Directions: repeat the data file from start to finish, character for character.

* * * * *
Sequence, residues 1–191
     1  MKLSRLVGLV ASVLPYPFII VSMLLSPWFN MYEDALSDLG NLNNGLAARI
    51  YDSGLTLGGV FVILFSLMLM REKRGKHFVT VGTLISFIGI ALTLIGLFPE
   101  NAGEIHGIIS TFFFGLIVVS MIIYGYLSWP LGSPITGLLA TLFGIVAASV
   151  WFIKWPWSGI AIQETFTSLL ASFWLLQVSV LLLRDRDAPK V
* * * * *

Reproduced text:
Sequence, residues 1–191
     1  MKLSRLVGLV ASVLPYPFII VSMLLSPWFN MYEDALSDLG NLNNGLAARI
    51  YDSGLTLGGV FVILFSLMLM REKRGKHFVT VGTLISFIGI ALTLIGLFPE
   101  NAGEIHGIIS TFFFGLIVVS MIIYGYLSWP LGSPITGLLA TLFGIVAASV
   151  WFIKWPWSGI AIQETFTSLL ASFWLLQVSV LLLRDRDAPK V